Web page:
CCA, the Sequel
The lack of evidence hasn't stopped public officials from turning to private prisons like CCA. The company added more than 18,000 beds last year, thanks in no small part to its generosity. In Wisconsin, which has shipped more than 2,100 inmates to CCA prisons, the governor and six key legislators received $4,000 in campaign contributions from company chairman Doctor R. Crants. In Ohio the governor's brother received the contract to build the CCA prison in Youngstown.
Such friends in high places have helped CCA profit handsomely from crime. Net income for the first nine months of last year topped $60 million, up 63 percent from 1997. In April 1998 the company bought US Corrections Corporation, its second-largest rival, further securing its hold on the industry. But as competition declines, officials warn, so does the incentive for private prisons to offer competitive contracts. "CCA is so overwhelmingly bigger than everybody else, they'll win hands down," says Russell Boraas, who oversees private prisons for Virginia. "That's not good for the industry, and that's not good for taxpayers."
In reality, "CCA" now exists only as a brand name. The company stopped trading on the stock market in January, when it "merged" with a real estate trust it had formed. Prison Realty Corporation essentially operates as a tax shelter, enabling the company to evade paying any corporate income taxes. Under the arrangement, the trust rents its prisons to a management subsidiary run by the chairman's son. The subsidiary pays as much rent as possible, transforming its profits into tax-exempt "operating expenses" that it pays to the parent firm. The real estate trust, meanwhile, turns almost all of the rent money over to shareholders, thus sheltering its income from taxes as well. The scheme saves the trust $50 million a year in taxes--at the expense of CCA. On May 14 Prison Realty announced it would spend $86 million to prop up its troubled subsidiary. Its stock plummeted, and former shareholders filed a class-action lawsuit.
The real estate trust made out especially well in Youngstown. City officials eager to bring jobs to their depressed valley gave CCA 101 acres of land, free utility hookups and a five-year tax abatement for the prison. The company then sold the facility to the trust, pocketing $70 million. "This shows what private prisons are all about: profit," says Robert Hagan, a state senator from Youngstown. "That prison is nothing but a gulag."
The CCA prison in Youngstown stands on a hillside once home to several thriving steel-related industries. The area is now home to four major new prisons and a host of jails. "Prisons have become Youngstown's new economic base," says labor historian and activist Staughton Lynd. "It's so pathetic to see this working-class town, which has quite a proud history of militant unionism, become one more rural backwater living off the presence of prisons."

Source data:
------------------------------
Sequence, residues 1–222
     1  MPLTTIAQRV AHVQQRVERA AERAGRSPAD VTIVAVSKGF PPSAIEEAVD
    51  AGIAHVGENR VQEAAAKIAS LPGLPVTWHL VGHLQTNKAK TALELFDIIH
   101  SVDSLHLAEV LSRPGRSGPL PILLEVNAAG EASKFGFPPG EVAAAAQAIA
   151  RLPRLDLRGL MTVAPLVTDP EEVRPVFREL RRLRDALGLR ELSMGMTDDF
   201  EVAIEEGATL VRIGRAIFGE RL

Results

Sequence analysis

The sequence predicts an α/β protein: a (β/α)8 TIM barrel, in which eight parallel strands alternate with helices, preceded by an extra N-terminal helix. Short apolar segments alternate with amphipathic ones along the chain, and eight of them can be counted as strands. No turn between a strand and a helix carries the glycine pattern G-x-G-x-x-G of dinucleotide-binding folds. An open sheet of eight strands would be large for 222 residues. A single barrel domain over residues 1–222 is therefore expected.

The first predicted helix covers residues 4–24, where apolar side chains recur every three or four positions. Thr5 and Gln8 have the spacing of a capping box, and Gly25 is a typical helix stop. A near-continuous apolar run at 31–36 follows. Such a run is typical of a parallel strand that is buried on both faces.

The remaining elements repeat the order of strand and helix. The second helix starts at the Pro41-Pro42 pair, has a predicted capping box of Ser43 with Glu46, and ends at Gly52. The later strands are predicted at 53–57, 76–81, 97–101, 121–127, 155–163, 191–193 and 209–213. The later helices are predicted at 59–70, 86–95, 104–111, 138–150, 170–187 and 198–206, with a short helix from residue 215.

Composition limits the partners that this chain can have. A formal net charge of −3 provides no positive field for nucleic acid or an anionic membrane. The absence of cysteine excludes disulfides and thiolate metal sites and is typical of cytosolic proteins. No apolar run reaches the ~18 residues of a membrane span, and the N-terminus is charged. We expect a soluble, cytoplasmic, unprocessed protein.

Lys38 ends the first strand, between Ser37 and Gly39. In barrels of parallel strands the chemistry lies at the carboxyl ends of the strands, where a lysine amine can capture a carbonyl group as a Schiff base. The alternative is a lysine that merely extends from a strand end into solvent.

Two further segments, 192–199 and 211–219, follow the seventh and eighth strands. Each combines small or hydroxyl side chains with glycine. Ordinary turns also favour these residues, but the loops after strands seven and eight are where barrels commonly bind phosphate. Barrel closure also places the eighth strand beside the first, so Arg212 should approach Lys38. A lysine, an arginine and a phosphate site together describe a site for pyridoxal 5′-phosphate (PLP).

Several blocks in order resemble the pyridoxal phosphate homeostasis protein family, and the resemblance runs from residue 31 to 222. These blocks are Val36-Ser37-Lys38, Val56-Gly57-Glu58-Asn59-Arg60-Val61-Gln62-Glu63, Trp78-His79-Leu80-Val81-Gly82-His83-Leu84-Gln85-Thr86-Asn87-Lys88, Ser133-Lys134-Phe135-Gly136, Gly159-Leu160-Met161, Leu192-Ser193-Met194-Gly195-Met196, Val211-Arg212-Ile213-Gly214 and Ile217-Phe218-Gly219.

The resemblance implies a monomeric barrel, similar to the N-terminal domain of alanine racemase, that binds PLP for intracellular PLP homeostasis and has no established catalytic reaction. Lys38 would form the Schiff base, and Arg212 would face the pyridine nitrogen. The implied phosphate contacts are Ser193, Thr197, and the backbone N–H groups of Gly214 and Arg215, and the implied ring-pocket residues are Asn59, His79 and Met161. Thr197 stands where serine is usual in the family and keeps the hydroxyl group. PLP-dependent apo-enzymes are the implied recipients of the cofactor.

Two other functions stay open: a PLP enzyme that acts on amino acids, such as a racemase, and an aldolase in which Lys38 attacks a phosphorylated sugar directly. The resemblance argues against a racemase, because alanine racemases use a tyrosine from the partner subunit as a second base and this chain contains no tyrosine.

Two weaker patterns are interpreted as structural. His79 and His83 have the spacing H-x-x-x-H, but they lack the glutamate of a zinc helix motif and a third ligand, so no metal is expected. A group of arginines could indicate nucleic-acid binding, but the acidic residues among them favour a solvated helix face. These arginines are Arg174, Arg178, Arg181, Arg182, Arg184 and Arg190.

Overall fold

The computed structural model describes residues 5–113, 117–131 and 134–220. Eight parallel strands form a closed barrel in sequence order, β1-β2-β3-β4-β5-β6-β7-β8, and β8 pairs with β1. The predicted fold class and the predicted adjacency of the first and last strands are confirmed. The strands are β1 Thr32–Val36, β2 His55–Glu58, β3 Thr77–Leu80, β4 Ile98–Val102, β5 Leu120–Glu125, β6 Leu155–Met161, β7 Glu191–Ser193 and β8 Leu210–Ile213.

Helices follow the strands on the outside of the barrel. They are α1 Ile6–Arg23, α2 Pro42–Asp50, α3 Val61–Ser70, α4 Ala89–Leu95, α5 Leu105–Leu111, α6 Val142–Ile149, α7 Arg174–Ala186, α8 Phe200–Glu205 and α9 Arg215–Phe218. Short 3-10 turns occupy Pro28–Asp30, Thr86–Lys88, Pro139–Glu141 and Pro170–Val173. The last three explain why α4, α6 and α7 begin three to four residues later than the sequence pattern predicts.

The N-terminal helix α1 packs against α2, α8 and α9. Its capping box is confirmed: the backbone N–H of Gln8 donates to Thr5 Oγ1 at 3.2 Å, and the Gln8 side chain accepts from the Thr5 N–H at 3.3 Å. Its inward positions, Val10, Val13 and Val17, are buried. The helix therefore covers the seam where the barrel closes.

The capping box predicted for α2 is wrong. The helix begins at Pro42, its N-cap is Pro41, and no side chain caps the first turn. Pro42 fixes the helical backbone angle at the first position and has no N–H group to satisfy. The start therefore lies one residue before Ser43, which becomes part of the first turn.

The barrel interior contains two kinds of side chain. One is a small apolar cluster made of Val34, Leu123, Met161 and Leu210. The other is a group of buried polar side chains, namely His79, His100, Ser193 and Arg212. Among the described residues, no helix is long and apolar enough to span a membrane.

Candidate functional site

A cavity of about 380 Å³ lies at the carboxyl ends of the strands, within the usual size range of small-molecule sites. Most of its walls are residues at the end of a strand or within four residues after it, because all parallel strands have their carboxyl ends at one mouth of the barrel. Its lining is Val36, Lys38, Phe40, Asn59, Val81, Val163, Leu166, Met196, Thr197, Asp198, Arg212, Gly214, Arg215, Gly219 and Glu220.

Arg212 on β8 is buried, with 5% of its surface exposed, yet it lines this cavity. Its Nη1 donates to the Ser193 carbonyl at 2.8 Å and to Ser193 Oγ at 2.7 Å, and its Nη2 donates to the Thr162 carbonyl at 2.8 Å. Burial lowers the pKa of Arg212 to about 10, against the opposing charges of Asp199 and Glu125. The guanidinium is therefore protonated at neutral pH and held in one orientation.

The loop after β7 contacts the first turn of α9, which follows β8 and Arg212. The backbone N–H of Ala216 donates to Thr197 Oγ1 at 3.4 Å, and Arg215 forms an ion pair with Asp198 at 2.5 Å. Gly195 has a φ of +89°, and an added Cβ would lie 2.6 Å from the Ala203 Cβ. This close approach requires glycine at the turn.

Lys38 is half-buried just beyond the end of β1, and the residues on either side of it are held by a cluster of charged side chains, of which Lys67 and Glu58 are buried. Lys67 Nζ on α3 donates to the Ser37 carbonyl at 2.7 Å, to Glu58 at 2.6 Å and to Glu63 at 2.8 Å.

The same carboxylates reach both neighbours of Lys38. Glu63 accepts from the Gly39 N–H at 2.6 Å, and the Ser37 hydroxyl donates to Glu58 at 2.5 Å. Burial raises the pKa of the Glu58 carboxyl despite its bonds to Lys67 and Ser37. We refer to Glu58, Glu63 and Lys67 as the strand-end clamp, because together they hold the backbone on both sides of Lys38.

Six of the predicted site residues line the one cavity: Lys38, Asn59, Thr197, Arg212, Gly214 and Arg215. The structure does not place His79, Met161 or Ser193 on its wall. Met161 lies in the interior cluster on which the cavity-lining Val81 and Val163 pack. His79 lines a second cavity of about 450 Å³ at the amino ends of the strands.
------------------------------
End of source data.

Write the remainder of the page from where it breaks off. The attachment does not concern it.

Like other nonunion operations, private prisons make most of their money by hiring fewer people and paying them less. Former guards say two-thirds of the Youngstown officers never worked in corrections before, and starting wages were $1,300 a year less than those of their counterparts at state-run prisons. "They don't care about the corrections officers, and they don't care about the inmates," former guard Daniel Eshenbaugh told the Cleveland Plain Dealer. "Everything there is about money." Another former guard explained how CCA got workers to take food from inmates to boost profits. "They gave us a rundown saying two slices of bread per inmate costs this much," he said. "If you can cut corners here, it would mean a possible raise for us."
While Youngstown represents some of the worst abuses at CCA prisons, it is also the scene of the biggest victory for inmates since privatization began. On April 20 a federal judge in Akron approved a landmark settlement of the class-action lawsuit filed by prisoners. The company has agreed to make cash payments of up to $1,000 to every inmate and create a common fund to settle claims by those with serious injuries--for a total of $1.65 million, the second-highest award ever paid to inmates in a class-action lawsuit. Even more startling, the prisoners were joined in their suit by the City of Youngstown, which will now employ two independent monitors to oversee conditions and medical treatment at CCA. The monitors have the power to order the warden to fix inadequacies and to fine the company if it fails to act.
"This is the first serious attempt to develop a way to hold a private prison accountable," attorney Al Gerhardstein said before the judge approved the settlement. "The inmates and the city are working together to hold them to the level of staffing and medical care and programs they promised. That raises a question: If you refuse to wink and let them get away with abuses as long as they come in under budget, can they still make a profit?"
Some activists feel the settlement doesn't go far enough. "We need to shut private prisons down," says Lynd. "The care and rehabilitation of prisoners is not consistent with the profit motive."
But until profiteering from prisons is stopped, inmates welcome any step that reins in firms like CCA. "They run this place like GM or Ford," says James Neal, who urged the judge to approve the settlement. "It's like the defects in the Pinto. A $12 piece of steel would have corrected the problem, but their accountant showed it was cheaper not to fix it, even if people burned to death. That's the same way CCA runs prisons. If someone gets killed, so what? They just pay the family and give them some roses. They'll still be making millions off of misery.